Former Assistant Minister for Agriculture Joseph Misoi, who also served as the ODM Director of Elections says he has known Ruto since 1990s. Misoi was a former MP for Eldoret South since 1988 and then became Assistant minister for Agriculture from 1992.

“In 1997, he (Ruto) was a Kanu official in charge of distributing election materials and campaign funds because I used to visit his Jogoo House office for assistance towards my campaigns,” says Misoi.

In 2007, Misoi became the chief agent for the Raila campaign while Ruto was in the ODM pentagon as chief campaigner.

The former MP says Ruto was a team player with whom they worked closely and only differed during the 2010 referendum when he opposed the new constitution.

The DPs schoolmates at Wareng High School in Eldoret and at Kapsabet High school in Nandi also regard him highly.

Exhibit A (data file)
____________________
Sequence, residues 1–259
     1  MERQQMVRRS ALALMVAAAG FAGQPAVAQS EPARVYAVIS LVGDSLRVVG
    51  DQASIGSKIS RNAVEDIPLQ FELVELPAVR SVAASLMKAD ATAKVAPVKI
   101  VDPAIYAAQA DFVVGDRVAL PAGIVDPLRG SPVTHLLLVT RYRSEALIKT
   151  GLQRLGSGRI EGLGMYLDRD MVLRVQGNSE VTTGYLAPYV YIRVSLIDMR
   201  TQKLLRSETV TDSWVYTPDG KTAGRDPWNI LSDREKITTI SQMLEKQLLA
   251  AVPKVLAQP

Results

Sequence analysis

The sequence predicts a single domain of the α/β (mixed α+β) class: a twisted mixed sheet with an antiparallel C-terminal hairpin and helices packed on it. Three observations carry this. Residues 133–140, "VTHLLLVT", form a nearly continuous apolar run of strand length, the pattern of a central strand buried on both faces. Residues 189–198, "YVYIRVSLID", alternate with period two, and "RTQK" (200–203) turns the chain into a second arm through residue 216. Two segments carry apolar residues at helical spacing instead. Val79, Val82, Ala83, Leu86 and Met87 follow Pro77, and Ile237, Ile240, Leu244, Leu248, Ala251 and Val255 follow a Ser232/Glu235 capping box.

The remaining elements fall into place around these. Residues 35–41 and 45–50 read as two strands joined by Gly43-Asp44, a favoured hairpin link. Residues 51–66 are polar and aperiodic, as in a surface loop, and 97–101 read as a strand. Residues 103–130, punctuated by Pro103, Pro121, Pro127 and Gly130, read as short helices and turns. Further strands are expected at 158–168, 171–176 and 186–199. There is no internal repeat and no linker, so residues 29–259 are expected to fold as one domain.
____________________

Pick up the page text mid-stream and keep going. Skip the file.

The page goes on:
They remember him as a focused, disciplined and active student who took his responsibilities and studies seriously.

“Ruto does not deviate from his goals and is always a go-getter and that is exactly how he was in school,” says Richard Tuimur, his schoolmate at Kapsabet Boys High School.

Timur is currently the principal of Kipsangui Boys High school in Merewet area of Soy constituency in Uasin Gishu.

The DP, he says, was also very active in ball games, especially volleyball.

Another former school mate Silas Simotwo, Ruto’s classmate in Form One at Wareng Secondary School in Uasin Gishu from 1981 remembers him as a strong leader of the Christian Union and dining hall prefect.

Those that schooled with him at Kamagut Primary School, say he was an above-average student. Samuel Kiplelei, who used to sell chicken at the Eldoret- Webuye-Kitale junction, also known as Maili Tisa, remembers seeing Ruto running around with chicken to sell to motorists.

“I remember seeing Ruto competing with others to sell chicken at this point during weekends, although I was younger than them,” says Kiplelei.

As a family man, the DP is close to his children and recently married off his daughter and also attended the Koito engagement ceremony of his son.